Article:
3 Charts That Show Where Amazon.com Is Overtaking Costco

By Markets Fool.com

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Costco (NASDAQ: COST) last October boasted that it had recently become the second largest retailer in the world, behind only Wal-Mart (NYSE: WMT). What's amazing about that statistic is that the warehouse giant handles its huge sales volume at a fraction of Wal-Mart's footprint. Costco produced $110 billion of revenue last year through just 686 locations. Wal-Mart required 11,500 stores (17 times Costco's base) to produce less than five times that sales output.

Yet the retailer is now being overtaken by Amazon.com (NASDAQ: AMZN), a company that has essentially zero physical store presence.

COST Revenue (TTM) data by YCharts.

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We're No. 2!

The above chart shows that,in fact, Amazon has already passed Costco in trailing-12-month revenue. The e-commerce giant crested $120 billion in late June thanks to a 29% spike in revenue over the last six months. Costco's growth, meanwhile, has been much slower up 2% over the last 12 months.

A big factor behind that disappointing figure has been the drop in fuel prices relative to the prior year. Still, the warehouse giant clearly can't grow at anything close to the double-digit pace that Amazon routinely enjoys.

It's premature for CEO Jeff Bezos and his team to pop the champagne and claim second place since a large part of its growth isn't tied to retailing. Take out its services division, which includes the booming AWS cloud business, and you're left with a significantly smaller footprint. All told, Amazon has sold about $90 billion of actual stuff over the past four quarters, and so Costco still has the online giant beat in that key metric -- at least for now.

Gaining ground on profits

Amazon appears poised to pass Costco in terms of total profits for the first time. Since its earnings are generated from steady, predictable subscriber fees, though, Costco's net income chart doesn't include the wild swingsor periods of loss that Amazon investors have had to endure lately:

COST Net Income (TTM) data by YCharts.

Bezos and his team don't prioritize earnings, choosing instead to focus on cash flow. Thus, investors can't assume that another ramp up of spending on hardware or infrastructure initiatives won't send Amazon's reported profits lower again. Costco's earnings growth, in contrast, is likely to speed up since its customers are due for their first membership fee boost in years.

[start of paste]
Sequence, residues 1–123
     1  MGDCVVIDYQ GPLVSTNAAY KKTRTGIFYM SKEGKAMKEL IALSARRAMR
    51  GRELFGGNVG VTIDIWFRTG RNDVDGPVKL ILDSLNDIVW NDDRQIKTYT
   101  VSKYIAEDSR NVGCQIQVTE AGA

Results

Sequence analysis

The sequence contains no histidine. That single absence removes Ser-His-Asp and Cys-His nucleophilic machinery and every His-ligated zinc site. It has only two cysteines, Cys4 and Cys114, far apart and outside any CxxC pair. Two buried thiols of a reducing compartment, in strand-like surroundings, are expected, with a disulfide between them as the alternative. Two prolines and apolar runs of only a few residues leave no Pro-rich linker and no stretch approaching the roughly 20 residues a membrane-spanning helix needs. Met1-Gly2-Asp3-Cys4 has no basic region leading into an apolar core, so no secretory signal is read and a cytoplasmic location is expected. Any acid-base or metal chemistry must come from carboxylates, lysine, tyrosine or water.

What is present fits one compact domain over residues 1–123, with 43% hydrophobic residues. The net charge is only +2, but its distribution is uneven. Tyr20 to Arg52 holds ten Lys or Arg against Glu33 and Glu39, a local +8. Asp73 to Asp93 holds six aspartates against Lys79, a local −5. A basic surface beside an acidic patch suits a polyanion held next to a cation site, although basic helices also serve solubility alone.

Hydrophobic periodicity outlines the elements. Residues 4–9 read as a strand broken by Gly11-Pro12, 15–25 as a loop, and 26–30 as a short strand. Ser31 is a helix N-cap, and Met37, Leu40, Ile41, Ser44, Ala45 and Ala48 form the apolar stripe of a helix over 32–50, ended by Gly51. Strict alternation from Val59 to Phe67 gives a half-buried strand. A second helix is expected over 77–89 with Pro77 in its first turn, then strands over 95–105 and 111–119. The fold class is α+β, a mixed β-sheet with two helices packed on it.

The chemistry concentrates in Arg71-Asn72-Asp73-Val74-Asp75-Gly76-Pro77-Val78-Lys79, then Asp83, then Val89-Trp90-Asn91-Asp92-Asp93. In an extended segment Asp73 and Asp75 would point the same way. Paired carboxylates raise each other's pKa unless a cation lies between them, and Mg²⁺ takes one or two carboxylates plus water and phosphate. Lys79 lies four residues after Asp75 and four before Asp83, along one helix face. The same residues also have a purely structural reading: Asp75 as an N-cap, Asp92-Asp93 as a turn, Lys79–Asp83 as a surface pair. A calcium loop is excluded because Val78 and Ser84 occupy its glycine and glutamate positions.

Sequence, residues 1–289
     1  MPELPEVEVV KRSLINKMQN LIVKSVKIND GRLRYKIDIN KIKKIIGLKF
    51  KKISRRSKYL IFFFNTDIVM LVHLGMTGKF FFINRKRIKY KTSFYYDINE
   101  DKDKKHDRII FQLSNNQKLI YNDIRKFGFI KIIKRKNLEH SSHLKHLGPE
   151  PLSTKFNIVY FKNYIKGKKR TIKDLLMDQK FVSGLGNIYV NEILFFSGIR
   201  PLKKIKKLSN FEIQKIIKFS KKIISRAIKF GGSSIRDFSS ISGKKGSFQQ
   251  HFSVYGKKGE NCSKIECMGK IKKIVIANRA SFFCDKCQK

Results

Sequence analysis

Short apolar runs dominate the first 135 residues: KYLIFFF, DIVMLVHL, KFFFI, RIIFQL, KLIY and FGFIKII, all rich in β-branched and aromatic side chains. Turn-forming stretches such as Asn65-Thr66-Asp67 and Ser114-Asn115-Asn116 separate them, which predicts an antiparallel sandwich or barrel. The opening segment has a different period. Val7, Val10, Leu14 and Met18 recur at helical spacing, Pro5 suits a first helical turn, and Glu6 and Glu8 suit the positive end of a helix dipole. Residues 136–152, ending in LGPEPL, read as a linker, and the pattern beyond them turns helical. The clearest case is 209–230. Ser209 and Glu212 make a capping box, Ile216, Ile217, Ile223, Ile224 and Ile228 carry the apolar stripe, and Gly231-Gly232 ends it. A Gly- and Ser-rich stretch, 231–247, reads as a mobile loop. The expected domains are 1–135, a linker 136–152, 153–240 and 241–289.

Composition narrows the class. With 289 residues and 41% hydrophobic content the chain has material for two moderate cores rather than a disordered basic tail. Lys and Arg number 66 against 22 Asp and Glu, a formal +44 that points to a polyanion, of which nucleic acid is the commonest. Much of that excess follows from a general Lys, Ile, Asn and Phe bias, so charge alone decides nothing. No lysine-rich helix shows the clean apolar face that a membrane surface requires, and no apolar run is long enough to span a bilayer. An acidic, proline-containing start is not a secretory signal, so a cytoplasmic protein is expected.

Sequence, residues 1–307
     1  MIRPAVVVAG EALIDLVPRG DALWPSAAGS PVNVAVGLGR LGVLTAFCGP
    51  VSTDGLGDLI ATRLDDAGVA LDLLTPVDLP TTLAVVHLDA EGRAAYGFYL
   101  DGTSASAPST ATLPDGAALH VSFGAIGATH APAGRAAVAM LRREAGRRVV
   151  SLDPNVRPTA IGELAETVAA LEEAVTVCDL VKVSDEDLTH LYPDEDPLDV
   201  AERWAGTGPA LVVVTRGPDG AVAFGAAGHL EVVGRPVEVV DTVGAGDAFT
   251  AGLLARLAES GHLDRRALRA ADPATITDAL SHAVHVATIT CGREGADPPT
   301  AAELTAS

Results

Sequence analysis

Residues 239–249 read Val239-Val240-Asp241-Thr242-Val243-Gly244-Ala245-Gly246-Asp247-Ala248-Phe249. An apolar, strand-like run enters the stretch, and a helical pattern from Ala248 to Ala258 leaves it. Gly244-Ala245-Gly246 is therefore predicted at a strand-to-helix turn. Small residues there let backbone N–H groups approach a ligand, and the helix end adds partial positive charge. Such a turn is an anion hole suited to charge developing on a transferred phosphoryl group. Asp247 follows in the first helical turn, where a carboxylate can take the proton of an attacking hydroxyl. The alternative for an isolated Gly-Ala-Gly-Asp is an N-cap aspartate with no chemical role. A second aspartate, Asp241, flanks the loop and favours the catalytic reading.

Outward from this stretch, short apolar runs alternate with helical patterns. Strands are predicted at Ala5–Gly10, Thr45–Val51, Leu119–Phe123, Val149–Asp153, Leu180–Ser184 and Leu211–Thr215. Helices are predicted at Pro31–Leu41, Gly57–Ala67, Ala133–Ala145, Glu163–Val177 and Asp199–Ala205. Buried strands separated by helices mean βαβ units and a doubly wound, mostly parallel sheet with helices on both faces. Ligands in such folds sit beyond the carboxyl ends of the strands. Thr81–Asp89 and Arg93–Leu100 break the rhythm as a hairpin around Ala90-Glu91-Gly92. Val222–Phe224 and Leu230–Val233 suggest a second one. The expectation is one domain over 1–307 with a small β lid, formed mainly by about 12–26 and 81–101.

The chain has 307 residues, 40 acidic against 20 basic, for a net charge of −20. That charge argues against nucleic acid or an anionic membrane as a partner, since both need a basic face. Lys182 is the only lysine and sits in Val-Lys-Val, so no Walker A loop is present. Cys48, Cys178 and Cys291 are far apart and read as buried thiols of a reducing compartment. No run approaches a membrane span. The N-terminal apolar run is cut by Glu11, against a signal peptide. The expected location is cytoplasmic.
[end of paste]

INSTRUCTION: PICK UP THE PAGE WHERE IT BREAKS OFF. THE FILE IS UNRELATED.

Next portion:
Yet investors are much more eager to own a piece of Amazon's earnings right now. Costco can be bought for about 28 times its $2.4 billion of profit while you'll have to shell out nearly 200 times Amazon's trailing earnings for its stock.

Profit-margin challenge

The third major metric that Costco is about to cede to Amazon is profit margin. The warehouse giant has kept its bottom-line profitability steady at about 2% of sales over the last decade. Amazon's dipped below that mark in early 2012 but is making a solid rebound right now.

AMZN Profit Margin (TTM) data by YCharts.

It's unclear where that number will land for the full 2016 fiscal year thanks to the wide range that Bezos and his executive team has laid out for investors. The third quarter should generate as little as $50 million or as much as $650 million of operating profits, they forecast, which would correspond to either a 60% boost -- or a 90% slump -- against the prior year.

Judging by their stock prices, investors are willing to look past that huge volatility and instead zero in on the projected 27% sales spike that should push revenue to $33 billion. Costco's sales should rise by 3%, according to consensus estimates. The warehouse giant will still edge Amazon by producing about $37 billion of revenue in the third quarter, analysts say. It won't be long before Costco consistently puts up smaller numbers than its online rival, though.

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Demitrios Kalogeropoulos owns shares of Costco Wholesale. The Motley Fool owns shares of and recommends Amazon.com and Costco Wholesale. Try any of our Foolish newsletter services free for 30 days. We Fools may not all hold the same opinions, but we all believe that considering a diverse range of insights makes us better investors. The Motley Fool has a disclosure policy.